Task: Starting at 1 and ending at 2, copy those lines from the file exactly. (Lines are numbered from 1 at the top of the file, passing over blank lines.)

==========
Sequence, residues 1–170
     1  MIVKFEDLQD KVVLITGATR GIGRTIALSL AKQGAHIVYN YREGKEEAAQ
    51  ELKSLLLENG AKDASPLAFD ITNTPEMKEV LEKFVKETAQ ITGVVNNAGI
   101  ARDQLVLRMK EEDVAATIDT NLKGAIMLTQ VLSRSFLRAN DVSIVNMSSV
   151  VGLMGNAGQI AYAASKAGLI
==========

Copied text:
Sequence, residues 1–170
     1  MIVKFEDLQD KVVLITGATR GIGRTIALSL AKQGAHIVYN YREGKEEAAQ